Proptech is crucial to differentiating yourself in the property sector (Proptech trends), and if you're a building manager, you don't want to be left behind. But integrating proptech with your building is a complex process in and of itself, and you need to know how to manage it if you want to maximize proptech return in your buildings. Here are the areas building managers who were effective in ensuring a smooth implementation of our product focused on.
Be critical about the value proposition and the ability to implement. Ask the company for some of their existing customers and contact them to ask about the rollout and experience thus far as a customer. As a lot of these firms are young, make sure they have the infrastructure to deliver on their promises. Does the company have training videos? How quickly do they get support out? How frequently do app bugs lead to non-usability?
Agree on KPIs (Key Performance Indicators) with the provider, and what needs to be achieved by when in order to judge the implementation a success. Agree on how often you will receive reports on how KPIs have been reached from the company. This implies something even more important - your organisation needs to understand what the proptech company is doing, how it adds value, and how the agreed upon KPIs provide a good assessment of the technology. They need to address: whether the product works, whether people are using it, whether it has all the benefits they claimed it would have, and the extent of these benefits.
Pushing for a free trial of the product lets you minimize costs until you know the product delivers on its promise.
Once you agree on a full roll-out; training, testing, and support fees can pile up. Make sure that all additional costs are simple to understand and attribute, and agree on what they will be before starting anything.
Communicating continuously with relevant stakeholders is crucial. If proptech requires either tenants or staff to change their behaviour, eg. an app for tenants to book spaces easily, or an app that makes sorting through packages easy (who came up with that brilliant idea?). Then getting their opinions helps you to determine if the value proposition makes sense - maybe your building doesn't receive that many packages. Once you've adopted a technology, communication is even more important to understand the limits of the product and where and how it needs to be improved.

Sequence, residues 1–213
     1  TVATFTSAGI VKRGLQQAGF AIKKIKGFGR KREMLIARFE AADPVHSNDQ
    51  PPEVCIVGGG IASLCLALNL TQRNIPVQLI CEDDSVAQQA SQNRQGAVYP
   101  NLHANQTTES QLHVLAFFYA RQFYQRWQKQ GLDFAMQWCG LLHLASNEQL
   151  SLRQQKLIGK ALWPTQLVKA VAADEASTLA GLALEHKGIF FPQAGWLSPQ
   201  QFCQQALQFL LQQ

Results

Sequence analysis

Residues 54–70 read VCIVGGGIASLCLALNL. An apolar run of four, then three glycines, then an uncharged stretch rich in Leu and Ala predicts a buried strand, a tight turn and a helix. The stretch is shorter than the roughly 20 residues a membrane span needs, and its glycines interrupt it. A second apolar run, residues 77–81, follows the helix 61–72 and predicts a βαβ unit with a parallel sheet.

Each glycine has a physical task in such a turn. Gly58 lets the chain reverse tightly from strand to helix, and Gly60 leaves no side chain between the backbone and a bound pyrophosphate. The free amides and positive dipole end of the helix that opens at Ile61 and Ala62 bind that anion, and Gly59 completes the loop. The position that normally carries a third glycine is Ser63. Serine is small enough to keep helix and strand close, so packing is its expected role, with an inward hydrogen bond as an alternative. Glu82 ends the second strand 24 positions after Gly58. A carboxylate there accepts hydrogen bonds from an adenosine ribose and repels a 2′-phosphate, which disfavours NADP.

Decide on how you will evaluate the return of the product. A difficulty with proptech is that much of the value is in enhancing things like customer experience which don't directly impact profits. Plus its hard to attribute a better experience to the impact of a specific product. This may lead building managers to doubt the value it adds, as it's hard to quantify the benefits of Krishnamurti being happy about your building's event organizing platform or of Paola not being frustrated by the difficulty of getting repairs done. The easiest way to get around this is to focus on the concrete, direct returns of proptech.
Using our service as an example, although we reduce errors and waiting times for tenants and help employees save time on boring tasks, we also reduce the labour costs of managing parcels. Comparing the direct cost reduction and the cost of the product is a simple way of assessing the minimum return the product delivers.
Ie. If: the difference in total staff hours per year sorting through packages (before and after Parcel Tracker implementation)*staff salary per hour > annual cost of Parcel Tracker licence, you can be certain that the worst return on our product would still be positive.
From there, comparing data across buildings who have and haven't yet implemented the product allows you to assess the impact of new technology on tenant satisfaction, as long as the new technology is the only change between the two buildings. You can even use this method to determine the extent to which greater satisfaction translates to higher occupancy and retention rates, if you maintain the difference over a longer time period.